People in Kansas Department of Health and Environment are really hard workers. In fact, the bureaucrats are so devoted their job of approving or denying a permit for a proposed coal-fired power plant Sunflower Electric Power Corp. that they're working late and on weekends this month.
The Star reported that the mysterious end-of-year vigor might have something to do with new power plant rules that go into effect on January 1 requiring them to have pollution controls, which would add millions to the plant's price tag.
The Bureau of Air employees need to read and respond to 6,000 public comments about the plant before KDHE can either issue or deny the permit.
Sunflower has been hankering to build the plant in Holcomb for four years. Former Department of Health and Environment head Roderick Bremby rejected their permit request in 2007. And former Gov. Kathleen Sebelius vetoed legislation approving the idea twice. But when she went off to Washington, new Gov. Mark Parkinson was much more apt to let Sunflower get its plant.
Bremby was forced out of his job in November, with critics alleging he
was made to resign because he wasn't as high on the coal idea as
Parkinson. The governor never really got around to explaining why Bremby was shown the door.
Now Air Bureau employees are working themselves to the bone in order to,
in all likelihood, approve the air-quality permit. From The Star:
But according to the new head of the Department of Health and
Environment, it's just because they're good worker bees.
told The Star, "We have a dedicated staff in the Bureau of Air." Sounds
like he's in charge of the Bureau of Hot Air. Oh, snap! But
seriously, the workers are probably even more dedicated after seeing Bremby get
the boot for allegedly fighting the plan.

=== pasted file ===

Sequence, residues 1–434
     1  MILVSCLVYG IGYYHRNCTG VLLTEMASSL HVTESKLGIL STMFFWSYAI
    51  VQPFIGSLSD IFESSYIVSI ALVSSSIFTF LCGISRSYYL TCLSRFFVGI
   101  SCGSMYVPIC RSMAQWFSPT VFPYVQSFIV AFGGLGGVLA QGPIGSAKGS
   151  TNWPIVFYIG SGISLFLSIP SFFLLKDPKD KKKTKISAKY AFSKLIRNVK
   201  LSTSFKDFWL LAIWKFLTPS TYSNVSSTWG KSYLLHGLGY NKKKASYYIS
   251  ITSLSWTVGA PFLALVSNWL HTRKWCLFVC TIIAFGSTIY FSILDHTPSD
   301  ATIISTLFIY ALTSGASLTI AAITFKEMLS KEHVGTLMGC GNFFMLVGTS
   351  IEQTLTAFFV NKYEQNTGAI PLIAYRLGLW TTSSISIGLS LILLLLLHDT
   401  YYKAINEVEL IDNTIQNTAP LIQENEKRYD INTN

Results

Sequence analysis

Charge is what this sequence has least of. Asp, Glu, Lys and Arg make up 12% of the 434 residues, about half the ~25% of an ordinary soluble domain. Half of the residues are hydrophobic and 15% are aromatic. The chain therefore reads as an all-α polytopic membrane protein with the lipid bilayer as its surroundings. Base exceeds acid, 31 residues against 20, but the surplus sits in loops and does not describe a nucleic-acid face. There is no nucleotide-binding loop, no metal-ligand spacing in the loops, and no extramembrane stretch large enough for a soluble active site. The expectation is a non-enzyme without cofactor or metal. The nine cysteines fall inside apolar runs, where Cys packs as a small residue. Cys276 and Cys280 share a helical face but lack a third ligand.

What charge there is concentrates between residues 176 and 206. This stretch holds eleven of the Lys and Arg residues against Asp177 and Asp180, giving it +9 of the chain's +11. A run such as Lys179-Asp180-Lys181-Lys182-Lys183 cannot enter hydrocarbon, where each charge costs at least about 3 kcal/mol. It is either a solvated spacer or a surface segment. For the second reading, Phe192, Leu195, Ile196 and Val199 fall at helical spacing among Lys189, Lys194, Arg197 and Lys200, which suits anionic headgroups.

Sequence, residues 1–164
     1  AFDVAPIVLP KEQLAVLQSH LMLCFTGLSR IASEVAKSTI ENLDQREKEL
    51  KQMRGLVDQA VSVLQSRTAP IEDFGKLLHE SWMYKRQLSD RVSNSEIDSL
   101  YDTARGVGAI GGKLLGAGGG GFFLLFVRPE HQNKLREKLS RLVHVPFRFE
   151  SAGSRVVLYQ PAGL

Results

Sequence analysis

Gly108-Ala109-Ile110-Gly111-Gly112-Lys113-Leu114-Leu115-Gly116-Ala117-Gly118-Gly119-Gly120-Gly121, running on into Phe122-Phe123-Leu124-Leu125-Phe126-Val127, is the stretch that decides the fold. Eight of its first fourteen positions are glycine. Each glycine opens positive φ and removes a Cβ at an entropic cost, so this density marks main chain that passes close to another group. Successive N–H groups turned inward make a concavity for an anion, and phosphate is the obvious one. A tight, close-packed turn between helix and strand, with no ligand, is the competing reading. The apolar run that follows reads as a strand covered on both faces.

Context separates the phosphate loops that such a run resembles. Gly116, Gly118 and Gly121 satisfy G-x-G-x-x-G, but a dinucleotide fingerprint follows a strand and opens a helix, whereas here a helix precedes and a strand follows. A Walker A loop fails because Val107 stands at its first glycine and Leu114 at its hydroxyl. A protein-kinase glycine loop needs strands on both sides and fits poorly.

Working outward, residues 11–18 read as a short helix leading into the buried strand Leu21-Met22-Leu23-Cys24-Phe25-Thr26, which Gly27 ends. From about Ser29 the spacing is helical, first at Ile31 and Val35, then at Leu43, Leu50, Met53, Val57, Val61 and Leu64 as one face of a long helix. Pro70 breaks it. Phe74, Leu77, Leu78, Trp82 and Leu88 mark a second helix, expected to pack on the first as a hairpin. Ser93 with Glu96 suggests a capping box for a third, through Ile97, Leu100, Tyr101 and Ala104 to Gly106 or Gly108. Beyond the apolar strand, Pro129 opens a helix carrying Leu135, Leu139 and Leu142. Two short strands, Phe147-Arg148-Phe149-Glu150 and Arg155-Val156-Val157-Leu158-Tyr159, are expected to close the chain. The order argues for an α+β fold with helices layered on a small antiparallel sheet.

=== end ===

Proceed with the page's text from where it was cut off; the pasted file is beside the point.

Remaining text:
Opponents to the plant -- which will primarily send power to Colorado --
aren't convinced this is just a matter of public employees sprinting
through the finish line. From The Star:
"There is little doubt that outside influences are
manipulating the process," said Stephanie Cole, spokeswoman for the
Kansas Chapter of the Sierra Club. "I think the concerns are justified
that the process has been undermined."
Mitchell insisted to the paper that there nothing strange about the rush
to finish the process by the end of the year. He notes the permit
process began four years ago, and maybe his staff is just sick of
working on it.
For his part, Parkinson denies pulling the strings at KDHE. In November, he blogged:
When evaluating the permit application, what I have told the acting Secretary is simply this: I don't care whether you approve the permit or not, but I do care that Kansas follows the laws and regulations governing the process. If following those regulations leads to approving the permit, that is fine. If it results in KDHE denying the permit, that is fine too. What matters to me is that we follow the law.
So, see? He doesn't care either way. But surely he's pleased that the Bureau of Air employees are in love with their jobs.